P.G. Wodehouse.

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Produced by Jim Tinsley

Piccadilly Jim


Pelham Grenville Wodehouse



The residence of Mr. Peter Pett, the well-known financier, on
Riverside Drive is one of the leading eyesores of that breezy and
expensive boulevard. As you pass by in your limousine, or while
enjoying ten cents worth of fresh air on top of a green omnibus,
it jumps out and bites at you. Architects, confronted with it,
reel and throw up their hands defensively, and even the lay
observer has a sense of shock. The place resembles in almost
equal proportions a cathedral, a suburban villa, a hotel and a
Chinese pagoda. Many of its windows are of stained glass, and
above the porch stand two terra-cotta lions, considerably more
repulsive even than the complacent animals which guard New York's
Public Library. It is a house which is impossible to overlook:
and it was probably for this reason that Mrs. Pett insisted on
her husband buying it, for she was a woman who liked to be

Through the rich interior of this mansion Mr. Pett, its nominal
proprietor, was wandering like a lost spirit. The hour was about
ten of a fine Sunday morning, but the Sabbath calm which was upon
the house had not communicated itself to him. There was a look of
exasperation on his usually patient face, and a muttered oath,
picked up no doubt on the godless Stock Exchange, escaped his

"Darn it!"

He was afflicted by a sense of the pathos of his position. It was
not as if he demanded much from life. He asked but little here
below. At that moment all that he wanted was a quiet spot where
he might read his Sunday paper in solitary peace, and he could
not find one. Intruders lurked behind every door. The place was

This sort of thing had been growing worse and worse ever since
his marriage two years previously. There was a strong literary
virus in Mrs. Pett's system. She not only wrote voluminously
herself - the name Nesta Ford Pett is familiar to all lovers of
sensational fiction - but aimed at maintaining a salon. Starting,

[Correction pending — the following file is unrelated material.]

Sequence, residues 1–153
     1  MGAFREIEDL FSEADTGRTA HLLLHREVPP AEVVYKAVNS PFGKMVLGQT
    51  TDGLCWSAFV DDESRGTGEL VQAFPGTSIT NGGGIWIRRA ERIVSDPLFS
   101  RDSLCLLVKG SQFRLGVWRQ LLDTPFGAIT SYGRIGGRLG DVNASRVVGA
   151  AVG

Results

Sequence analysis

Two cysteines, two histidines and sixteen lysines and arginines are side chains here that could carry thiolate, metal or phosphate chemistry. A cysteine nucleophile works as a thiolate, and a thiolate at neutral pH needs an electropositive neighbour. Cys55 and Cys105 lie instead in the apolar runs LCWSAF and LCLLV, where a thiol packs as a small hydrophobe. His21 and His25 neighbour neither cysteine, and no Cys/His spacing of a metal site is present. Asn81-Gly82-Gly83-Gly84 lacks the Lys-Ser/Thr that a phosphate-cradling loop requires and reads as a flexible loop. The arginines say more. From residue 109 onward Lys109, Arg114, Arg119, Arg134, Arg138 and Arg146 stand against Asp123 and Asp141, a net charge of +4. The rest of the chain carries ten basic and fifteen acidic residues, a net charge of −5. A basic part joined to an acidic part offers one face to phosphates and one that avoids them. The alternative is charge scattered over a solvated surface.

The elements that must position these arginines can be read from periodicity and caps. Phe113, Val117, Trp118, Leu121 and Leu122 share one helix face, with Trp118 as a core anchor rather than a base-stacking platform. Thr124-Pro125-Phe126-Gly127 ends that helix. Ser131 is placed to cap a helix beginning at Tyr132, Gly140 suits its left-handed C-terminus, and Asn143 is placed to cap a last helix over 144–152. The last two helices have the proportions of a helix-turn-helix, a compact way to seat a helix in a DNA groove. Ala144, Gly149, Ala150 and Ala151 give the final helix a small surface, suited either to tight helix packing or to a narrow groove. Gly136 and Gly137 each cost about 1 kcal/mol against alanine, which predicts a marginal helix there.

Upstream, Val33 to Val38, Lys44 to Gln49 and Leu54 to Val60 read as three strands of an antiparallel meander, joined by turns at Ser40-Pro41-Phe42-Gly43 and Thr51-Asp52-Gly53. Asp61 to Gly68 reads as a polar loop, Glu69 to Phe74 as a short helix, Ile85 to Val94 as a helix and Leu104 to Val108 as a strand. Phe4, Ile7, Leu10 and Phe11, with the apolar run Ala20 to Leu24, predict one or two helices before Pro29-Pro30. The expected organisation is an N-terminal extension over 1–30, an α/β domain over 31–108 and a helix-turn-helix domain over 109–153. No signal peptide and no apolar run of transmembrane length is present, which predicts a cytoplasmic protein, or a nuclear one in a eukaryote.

in pursuance of this aim, with a single specimen, - her nephew,
Willie Partridge, who was working on a new explosive which would
eventually revolutionise war - she had gradually added to her
collections, until now she gave shelter beneath her terra-cotta
roof to no fewer than six young and unrecognised geniuses. Six
brilliant youths, mostly novelists who had not yet started and
poets who were about to begin, cluttered up Mr. Pett's rooms on
this fair June morning, while he, clutching his Sunday paper,
wandered about, finding, like the dove in Genesis, no rest. It
was at such times that he was almost inclined to envy his wife's
first husband, a business friend of his named Elmer Ford, who had
perished suddenly of an apoplectic seizure: and the pity which he
generally felt for the deceased tended to shift its focus.

Marriage had certainly complicated life for Mr. Pett, as it
frequently does for the man who waits fifty years before trying
it. In addition to the geniuses, Mrs. Pett had brought with her
to her new home her only son, Ogden, a fourteen-year-old boy of a
singularly unloveable type. Years of grown-up society and the
absence of anything approaching discipline had given him a
precocity on which the earnest efforts of a series of private
tutors had expended themselves in vain. They came, full of
optimism and self-confidence, to retire after a brief interval,
shattered by the boy's stodgy resistance to education in any form
or shape. To Mr. Pett, never at his ease with boys, Ogden Ford
was a constant irritant. He disliked his stepson's personality,
and he more than suspected him of stealing his cigarettes. It
was an additional annoyance that he was fully aware of the
impossibility of ever catching him at it.

Mr. Pett resumed his journey. He had interrupted it for a moment
to listen at the door of the morning-room, but, a remark in a
high tenor voice about the essential Christianity of the poet
Shelley filtering through the oak, he had moved on.

Silence from behind another door farther down the passage
encouraged him to place his fingers on the handle, but a crashing
chord from an unseen piano made him remove them swiftly. He
roamed on, and a few minutes later the process of elimination had
brought him to what was technically his own private library - a
large, soothing room full of old books, of which his father had
been a great collector. Mr. Pett did not read old books himself,
but he liked to be among them, and it is proof of his pessimism
that he had not tried the library first. To his depressed mind it
had seemed hardly possible that there could be nobody there.

He stood outside the door, listening tensely. He could hear
nothing. He went in, and for an instant experienced that ecstatic
thrill which only comes to elderly gentlemen of solitary habit